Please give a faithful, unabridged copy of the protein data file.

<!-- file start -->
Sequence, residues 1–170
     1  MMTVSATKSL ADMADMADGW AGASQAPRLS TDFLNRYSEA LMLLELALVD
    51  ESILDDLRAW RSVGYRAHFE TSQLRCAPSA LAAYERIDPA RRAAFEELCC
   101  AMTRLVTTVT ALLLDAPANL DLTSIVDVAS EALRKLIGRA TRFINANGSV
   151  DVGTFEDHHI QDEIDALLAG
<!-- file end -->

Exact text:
Sequence, residues 1–170
     1  MMTVSATKSL ADMADMADGW AGASQAPRLS TDFLNRYSEA LMLLELALVD
    51  ESILDDLRAW RSVGYRAHFE TSQLRCAPSA LAAYERIDPA RRAAFEELCC
   101  AMTRLVTTVT ALLLDAPANL DLTSIVDVAS EALRKLIGRA TRFINANGSV
   151  DVGTFEDHHI QDEIDALLAG